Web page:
Thanatophoric dysplasia- a rare cause of stillbirth and perinatal mortality: a case report


  • Priti Agrawal Department of Obstetrics, Aarogya Hospital and Test Tube Baby Center, Raipur, Chhattisgarh, India
  • Rishi Agrawal Department of General and Laparoscopic Surgery, Aarogya Hospital and Test Tube Baby Center, Raipur, Chhattisgarh, India
  • Anandi Lobo Department of Pathology, Aarogya Hospital and Test Tube Baby Center, Raipur, Chhattisgarh, India



Skeletal dysplasia, Thanatophoric dysplasia, FGFR3, Ultrasound


Lethal skeletal dysplasia is estimated to occur in 0.95 per 10,000 deliveries. Thanatophoric dysplasia affects about 1in 25000 to 50000 births. The term thanatophoric is Greek word for “death bearing”. Children with this condition are usually stillborn or die shortly after birth from respiratory failure. We report a case of LSD (Thanatophoric dysplasia), in an unbooked patient where previous two children and couple were absolutely normal.  Our patient, 31 years old, unbooked case presented with history of amenorrhea 8 months and unable to perceive fetal movements. Her husband’s age was 33 years. This was her third pregnancy. She had previous 2 deliveries by LSCS. Ultrasonography revealed single intrauterine live fetus in breech presentation with multiple fetal anomalies. There was shortening and deformity of all four limbs (micromelia) with poor mineralization of all bones. Thorax was pear shaped with short horizontal ribs and abnormal cardiothoracic ratio. LSCS was done in emergency for impending rupture of previous LSCS scar. Post-delivery examination and X-ray of the fetus revealed decreased skull mineralization, frontal bossing, hypoplastic nasal bone, midface hypoplasia, mandibular hypoplasia, pear shaped chest, protuberant abdomen, micromelia, dumbbell shaped appearance of all long bones. TD is caused due to mutation of the fibroblast growth factor receptor 3 gene (FGFR3), which is located on the short arm of chromosome 4. Type I TD is characterized by marked underdeveloped skeleton and short-curved long bones. Conventional radiographic examination remains the most useful means of studying the dysplastic skeleton. Bony evaluation is best done on X-rays or ultrasonography. The diagnosis of TD can be established with ultrasound and molecular confirmation in the second trimester can help in genetic counselling and termination of such lethal pregnancies. LSD’s are rare event. If our patient had undergone anomaly scan in second trimester of pregnancy, this defect could have been detected earlier. The outcome of fetus is lethal but maternal morbidity can be reduced if diagnosed early.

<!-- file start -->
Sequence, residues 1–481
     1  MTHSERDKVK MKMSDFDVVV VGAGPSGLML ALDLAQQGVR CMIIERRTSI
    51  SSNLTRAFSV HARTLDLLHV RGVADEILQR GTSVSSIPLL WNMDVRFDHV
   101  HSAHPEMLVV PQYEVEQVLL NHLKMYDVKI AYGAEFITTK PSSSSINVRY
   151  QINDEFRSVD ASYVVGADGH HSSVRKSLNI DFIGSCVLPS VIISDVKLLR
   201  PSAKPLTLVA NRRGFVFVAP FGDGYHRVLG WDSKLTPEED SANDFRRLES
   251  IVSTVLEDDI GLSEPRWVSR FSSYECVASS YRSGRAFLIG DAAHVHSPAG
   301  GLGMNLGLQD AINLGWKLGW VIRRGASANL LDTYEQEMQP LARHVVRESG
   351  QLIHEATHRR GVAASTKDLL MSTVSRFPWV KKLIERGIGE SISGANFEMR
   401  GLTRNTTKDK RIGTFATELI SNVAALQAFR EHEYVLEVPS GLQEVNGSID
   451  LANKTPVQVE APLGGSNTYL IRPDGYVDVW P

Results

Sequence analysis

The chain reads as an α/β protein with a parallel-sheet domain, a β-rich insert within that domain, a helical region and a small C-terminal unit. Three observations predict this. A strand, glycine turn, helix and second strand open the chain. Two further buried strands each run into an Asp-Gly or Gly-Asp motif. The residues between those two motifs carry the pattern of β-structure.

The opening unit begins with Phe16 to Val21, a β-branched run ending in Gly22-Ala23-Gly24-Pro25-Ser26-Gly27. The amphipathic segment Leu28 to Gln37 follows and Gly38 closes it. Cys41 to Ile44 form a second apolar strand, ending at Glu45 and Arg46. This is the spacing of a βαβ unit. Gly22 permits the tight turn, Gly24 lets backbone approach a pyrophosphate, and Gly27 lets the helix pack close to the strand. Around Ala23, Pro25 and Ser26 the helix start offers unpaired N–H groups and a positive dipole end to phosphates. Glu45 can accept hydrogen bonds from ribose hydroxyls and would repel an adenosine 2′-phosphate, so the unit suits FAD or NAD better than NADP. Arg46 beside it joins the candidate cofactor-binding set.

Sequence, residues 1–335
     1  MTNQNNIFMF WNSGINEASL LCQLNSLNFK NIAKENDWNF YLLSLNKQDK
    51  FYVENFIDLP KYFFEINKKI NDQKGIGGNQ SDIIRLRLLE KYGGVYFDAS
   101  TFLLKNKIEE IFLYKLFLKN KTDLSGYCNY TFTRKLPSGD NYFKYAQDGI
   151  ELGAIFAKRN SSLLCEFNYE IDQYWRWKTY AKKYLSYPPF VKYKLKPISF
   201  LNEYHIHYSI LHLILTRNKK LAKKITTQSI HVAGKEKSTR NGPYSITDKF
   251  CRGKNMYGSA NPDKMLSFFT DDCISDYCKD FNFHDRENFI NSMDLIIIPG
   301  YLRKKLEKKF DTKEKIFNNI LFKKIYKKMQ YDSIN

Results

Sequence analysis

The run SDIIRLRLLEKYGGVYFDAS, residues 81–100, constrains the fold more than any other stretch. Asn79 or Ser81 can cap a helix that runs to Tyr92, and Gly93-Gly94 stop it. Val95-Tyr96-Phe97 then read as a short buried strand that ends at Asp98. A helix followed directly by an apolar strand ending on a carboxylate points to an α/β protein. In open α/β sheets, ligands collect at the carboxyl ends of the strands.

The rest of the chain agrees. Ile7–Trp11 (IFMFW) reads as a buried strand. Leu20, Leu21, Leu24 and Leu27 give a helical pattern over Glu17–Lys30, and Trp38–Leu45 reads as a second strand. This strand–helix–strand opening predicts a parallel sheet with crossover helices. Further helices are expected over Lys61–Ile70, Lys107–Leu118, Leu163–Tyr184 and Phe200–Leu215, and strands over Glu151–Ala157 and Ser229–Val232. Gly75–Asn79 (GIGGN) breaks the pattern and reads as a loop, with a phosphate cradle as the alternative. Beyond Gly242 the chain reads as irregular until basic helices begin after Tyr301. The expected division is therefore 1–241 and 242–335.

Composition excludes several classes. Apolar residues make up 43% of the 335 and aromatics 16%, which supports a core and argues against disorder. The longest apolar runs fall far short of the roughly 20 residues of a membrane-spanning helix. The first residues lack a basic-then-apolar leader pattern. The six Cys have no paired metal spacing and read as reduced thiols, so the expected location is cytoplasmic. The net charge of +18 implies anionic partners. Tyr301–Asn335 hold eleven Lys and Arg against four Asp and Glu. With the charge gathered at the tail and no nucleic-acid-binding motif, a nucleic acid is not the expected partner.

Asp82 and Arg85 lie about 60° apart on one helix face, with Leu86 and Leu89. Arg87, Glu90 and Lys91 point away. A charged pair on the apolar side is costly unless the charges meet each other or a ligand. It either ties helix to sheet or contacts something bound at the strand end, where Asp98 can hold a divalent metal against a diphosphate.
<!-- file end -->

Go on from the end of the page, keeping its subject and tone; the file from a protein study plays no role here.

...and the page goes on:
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Case Reports